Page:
California’s ‘Methuselah’ bristlecone pine may no longer be the world’s oldest tree
Scientists have discovered a new contender for the oldest tree in the world, potentially bumping California’s ancient bristlecone pine tree from the top spot.
The state’s “Methuselah” bristlecone pine tree has been considered one of the oldest living trees on Earth since its rings were counted in 1957. The tree, located high in the White Mountains of Inyo County near Bishop, is estimated to be 4,853 years old.
Researchers in Chile, however, recently identified a new challenger to the world’s oldest tree from the depths of a ravine in Chile’s Alerce Costero National Park.
I visited the tree earlier this week to hear its wisdom about a subject it knows too well: drought.
The tree, dubbed the “Alerce Milenario” or “Gran Abuelo,” may be more than 5,000 years old, according to a new report in Science magazine. Jonathan Barichivich, a scientist from Chile who specializes in dendrochronology, and his colleague Antonio Lara announced their findings last month. Dendrochronology is the study of tracking tree age by using growth rings.
In 1993, Lara and a colleague discovered an alerce tree stump in Chile that was more than 3,622 years old, placing alerce trees above giant sequoias as among the oldest trees in the world. In 2020, Lara and Barichivich returned to the forest to take a sample from the Alerce Milenario.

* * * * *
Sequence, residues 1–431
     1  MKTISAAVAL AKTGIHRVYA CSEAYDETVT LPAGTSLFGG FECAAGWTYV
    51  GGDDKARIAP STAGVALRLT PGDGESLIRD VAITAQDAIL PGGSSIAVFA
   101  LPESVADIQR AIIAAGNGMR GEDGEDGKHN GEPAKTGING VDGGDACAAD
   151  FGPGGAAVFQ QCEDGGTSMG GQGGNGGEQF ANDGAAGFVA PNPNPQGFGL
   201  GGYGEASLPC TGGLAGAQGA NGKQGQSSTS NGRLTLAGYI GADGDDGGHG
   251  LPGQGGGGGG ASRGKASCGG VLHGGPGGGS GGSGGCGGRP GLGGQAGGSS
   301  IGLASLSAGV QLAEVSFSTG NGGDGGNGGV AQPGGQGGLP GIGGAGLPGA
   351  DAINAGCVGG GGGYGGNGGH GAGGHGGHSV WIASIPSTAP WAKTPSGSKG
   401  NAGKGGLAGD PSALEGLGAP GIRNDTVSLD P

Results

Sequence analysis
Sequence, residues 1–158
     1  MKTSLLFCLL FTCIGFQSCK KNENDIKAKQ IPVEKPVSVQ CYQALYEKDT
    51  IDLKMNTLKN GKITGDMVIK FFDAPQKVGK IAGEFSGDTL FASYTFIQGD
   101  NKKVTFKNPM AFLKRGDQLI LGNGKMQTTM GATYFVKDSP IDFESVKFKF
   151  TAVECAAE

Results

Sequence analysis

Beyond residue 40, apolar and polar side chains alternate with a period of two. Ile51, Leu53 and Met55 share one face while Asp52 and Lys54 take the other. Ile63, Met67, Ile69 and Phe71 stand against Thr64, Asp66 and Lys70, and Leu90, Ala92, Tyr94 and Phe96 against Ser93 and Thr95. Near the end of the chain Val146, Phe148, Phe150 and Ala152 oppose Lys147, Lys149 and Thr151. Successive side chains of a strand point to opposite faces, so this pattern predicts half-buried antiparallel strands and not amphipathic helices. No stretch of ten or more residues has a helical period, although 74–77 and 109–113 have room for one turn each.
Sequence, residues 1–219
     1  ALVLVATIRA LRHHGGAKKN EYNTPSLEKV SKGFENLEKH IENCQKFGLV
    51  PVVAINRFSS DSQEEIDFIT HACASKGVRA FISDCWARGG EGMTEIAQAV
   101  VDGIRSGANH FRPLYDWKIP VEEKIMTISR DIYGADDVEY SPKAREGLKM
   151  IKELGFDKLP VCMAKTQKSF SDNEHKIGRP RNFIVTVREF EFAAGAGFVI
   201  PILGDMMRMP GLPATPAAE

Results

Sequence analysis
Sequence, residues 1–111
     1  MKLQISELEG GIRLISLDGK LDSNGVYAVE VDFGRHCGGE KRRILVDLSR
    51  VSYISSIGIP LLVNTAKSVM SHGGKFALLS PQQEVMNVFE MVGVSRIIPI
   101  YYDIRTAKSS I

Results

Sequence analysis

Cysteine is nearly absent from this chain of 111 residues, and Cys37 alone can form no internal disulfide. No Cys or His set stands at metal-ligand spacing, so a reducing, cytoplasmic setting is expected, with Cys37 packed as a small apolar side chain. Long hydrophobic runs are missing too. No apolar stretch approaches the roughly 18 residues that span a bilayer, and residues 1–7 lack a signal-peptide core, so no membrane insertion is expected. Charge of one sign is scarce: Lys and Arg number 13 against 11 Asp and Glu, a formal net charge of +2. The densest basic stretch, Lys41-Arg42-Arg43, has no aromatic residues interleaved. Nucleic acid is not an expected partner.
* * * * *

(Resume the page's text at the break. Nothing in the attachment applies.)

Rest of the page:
The claim of the 5-millennia-old tree may be met with skepticism from the scientific community, however, as the estimate of the tree’s age does not involve a full out of tree growth rings, according to Science.
The drive-through trees were created in another century. But they still fascinate, right?
Instead of taking a full core sample of the tree’s rings, Barichivich and Lara used an increment borer to draw a narrow plug of wood from the tree. The partial sample of the tree’s wood showed about 2,400 growth rings.
Barichivich then compiled a statistical analysis to estimate the age range of the tree, according to Science. The model compiled complete core samples and environmental factors. According to Barichivich’s findings, which have not been published yet, the tree was estimated to be about 5,484 years old and had an 80% chance of being more than 5,000 years old.
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